For now, until I can keep drinking the water on a regular basis, I will probably add something to it to make it a little more appetizing!

Somewhere in my head I knew it was important, but actually practicing it is something completely different!!

12-29-2006, 05:16 PM
I must, however, disagree with the notion of replacing water with tea/coffee/fizzy drinks. Coffee and tea will dehydrate you more than hydrate you.

This seems to be an urban myth, too. I'm not sure there's any evidence that caffeinated drinks have a net negative effect on hydration. (I'd love to see some research if anyone knows it)

In fact, recent research suggests that caffeinated beverages do NOT significantly affect our hydration.

The article I linked to discusses an experiment in which men were given beverages with various levels of caffeine. Later, hydration was examined. There was no difference in the hydration levels for those who had caffeinated beverages and those who had not.

Here's a link to the abstract to THAT article, which appeared in the Journal of the American College of Nutrition in 2000. http://www.jacn.org/cgi/content/abstract/19/5/591?ijkey=fafa253c4a9e93f96a352cf8778377dbaef9d136&keytype2=tf_ipsecsha

The conclusion of this research is that: "advising people to disregard caffeinated beverages as part of the daily fluid intake is not substantiated by the results of this study". In other words, they found no evidence that caffeine significantly dehydrates us.

12-29-2006, 05:25 PM
I got curious about the effects of caffeine on hydration, and did a further literature search to see what the researchers have found.

An article from the Journal of Human Nutrition & Dietetics in DEC 2003 looks to be a good review, examining all the relevant literature from 1966-2002.
The link to the abstract is here: http://www.blackwell-synergy.com/links/doi/10.1046%2Fj.1365-277X.2003.00477.x

They conclude the following:

"The available literature suggests that acute ingestion of caffeine in large doses (at least 250300 mg, equivalent to the amount found in 23 cups of coffee or 58 cups of tea) results in a short-term stimulation of urine output in individuals who have been deprived of caffeine for a period of days or weeks. A profound tolerance to the diuretic and other effects of caffeine develops, however, and the actions are much diminished in individuals who regularly consume tea or coffee. Doses of caffeine equivalent to the amount normally found in standard servings of tea, coffee and carbonated soft drinks appear to have no diuretic action."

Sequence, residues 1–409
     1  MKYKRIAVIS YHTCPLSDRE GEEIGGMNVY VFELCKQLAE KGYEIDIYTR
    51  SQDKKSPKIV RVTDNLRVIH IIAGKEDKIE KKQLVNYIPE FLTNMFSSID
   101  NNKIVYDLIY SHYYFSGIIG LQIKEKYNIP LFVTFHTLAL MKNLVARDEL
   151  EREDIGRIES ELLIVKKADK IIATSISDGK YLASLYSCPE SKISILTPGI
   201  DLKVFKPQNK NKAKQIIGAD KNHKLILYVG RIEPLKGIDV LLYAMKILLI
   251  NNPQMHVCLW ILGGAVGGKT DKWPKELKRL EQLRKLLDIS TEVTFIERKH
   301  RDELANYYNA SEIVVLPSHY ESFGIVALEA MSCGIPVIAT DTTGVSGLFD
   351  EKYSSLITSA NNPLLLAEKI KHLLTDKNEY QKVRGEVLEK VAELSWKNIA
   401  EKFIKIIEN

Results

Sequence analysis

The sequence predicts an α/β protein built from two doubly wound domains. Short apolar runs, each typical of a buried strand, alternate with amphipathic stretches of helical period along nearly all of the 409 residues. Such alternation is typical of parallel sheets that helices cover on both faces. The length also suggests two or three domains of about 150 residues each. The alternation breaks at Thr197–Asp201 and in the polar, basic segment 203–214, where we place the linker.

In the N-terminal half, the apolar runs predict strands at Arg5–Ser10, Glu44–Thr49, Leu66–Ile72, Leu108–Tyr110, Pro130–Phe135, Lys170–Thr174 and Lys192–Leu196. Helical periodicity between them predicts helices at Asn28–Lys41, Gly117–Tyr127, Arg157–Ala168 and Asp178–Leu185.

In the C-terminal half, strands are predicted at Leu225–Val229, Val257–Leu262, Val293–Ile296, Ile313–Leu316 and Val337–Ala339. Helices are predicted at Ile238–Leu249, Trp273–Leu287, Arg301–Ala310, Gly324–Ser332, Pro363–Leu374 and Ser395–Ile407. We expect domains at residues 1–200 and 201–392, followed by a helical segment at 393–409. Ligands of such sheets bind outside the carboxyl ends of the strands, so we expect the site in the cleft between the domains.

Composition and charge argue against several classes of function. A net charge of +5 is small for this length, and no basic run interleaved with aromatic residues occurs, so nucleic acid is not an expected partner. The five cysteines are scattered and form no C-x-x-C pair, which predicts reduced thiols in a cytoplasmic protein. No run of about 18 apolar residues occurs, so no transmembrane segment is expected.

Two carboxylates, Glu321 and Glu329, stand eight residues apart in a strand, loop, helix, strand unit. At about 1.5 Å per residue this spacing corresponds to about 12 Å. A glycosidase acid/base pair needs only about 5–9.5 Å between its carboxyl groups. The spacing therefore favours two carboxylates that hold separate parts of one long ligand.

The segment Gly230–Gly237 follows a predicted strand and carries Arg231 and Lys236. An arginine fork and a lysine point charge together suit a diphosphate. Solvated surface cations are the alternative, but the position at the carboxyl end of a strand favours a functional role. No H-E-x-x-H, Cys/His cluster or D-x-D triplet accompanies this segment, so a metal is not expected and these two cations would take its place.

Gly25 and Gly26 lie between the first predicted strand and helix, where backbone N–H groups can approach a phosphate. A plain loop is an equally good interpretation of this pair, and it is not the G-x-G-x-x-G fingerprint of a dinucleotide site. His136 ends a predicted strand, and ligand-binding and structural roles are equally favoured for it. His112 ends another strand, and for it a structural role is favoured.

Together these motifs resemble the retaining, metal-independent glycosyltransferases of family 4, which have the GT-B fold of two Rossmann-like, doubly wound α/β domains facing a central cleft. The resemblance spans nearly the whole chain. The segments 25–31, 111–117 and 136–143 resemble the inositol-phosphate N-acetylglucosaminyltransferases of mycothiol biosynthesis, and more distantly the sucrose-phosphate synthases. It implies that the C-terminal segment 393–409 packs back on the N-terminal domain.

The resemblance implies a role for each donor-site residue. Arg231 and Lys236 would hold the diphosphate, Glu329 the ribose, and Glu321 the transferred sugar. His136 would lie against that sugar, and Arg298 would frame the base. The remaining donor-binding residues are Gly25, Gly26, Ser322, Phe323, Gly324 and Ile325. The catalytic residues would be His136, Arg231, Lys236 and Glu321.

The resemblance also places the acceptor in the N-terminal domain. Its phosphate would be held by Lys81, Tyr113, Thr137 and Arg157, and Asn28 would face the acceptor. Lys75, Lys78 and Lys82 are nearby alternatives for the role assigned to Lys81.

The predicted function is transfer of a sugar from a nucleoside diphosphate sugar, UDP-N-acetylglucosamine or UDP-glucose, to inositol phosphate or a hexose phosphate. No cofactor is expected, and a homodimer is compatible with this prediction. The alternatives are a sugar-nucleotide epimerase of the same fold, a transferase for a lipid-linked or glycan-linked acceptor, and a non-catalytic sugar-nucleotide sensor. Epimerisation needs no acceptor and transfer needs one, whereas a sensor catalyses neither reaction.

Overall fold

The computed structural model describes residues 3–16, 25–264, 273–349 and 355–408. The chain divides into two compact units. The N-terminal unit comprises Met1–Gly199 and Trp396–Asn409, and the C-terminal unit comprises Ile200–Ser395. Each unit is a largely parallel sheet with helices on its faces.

In other words, drinking caffeinated beverages does NOT result in dehydration, except for a short term effect in people who do not regularly drink it.

12-29-2006, 05:48 PM
Wyllen, I'm not saying that your research is wrong, this is going on my own personal experience. I'm a long term tea and coffee drinker. When I drink only coffee (4+ cups a day) and don't drink much water, I generally pee more and feel dehydrated. When I don't drink much coffee (1 cup a day) and drink lots of water, sure I still pee a lot due to the water but I feel refreshed, vitalised, more energy. So based on my personal experience, I have to disagree with your findings, sorry.

I do get frustrated at times with this water debate. I feel there are two camps who are constantly rebuffing each other. It also bugs the heck out of me when I hear someone telling me what I am doing is the "wrong" thing when I know that it's been working for me for as long as I've been doing it ;). Which probably explains if I have come across as a little feisty.

12-29-2006, 06:19 PM
The conclusion of this research is that: "advising people to disregard caffeinated beverages as part of the daily fluid intake is not substantiated by the results of this study". In other words, they found no evidence that caffeine significantly dehydrates us.

This is the same thing I've been taught. All fluids count, even ones with caffeine in them.


12-29-2006, 06:23 PM
When I don't drink much coffee (1 cup a day) and drink lots of water, sure I still pee a lot due to the water but I feel refreshed, vitalised, more energy.

That could be a reaction to the caffeine that has nothing to do with its diuretic effects.

When I'm at work, I drink black tea, getting an extra 20-40 ounces of fluid on those days. On workdays, I am demonstrably better hydrated than on days I don't go to work.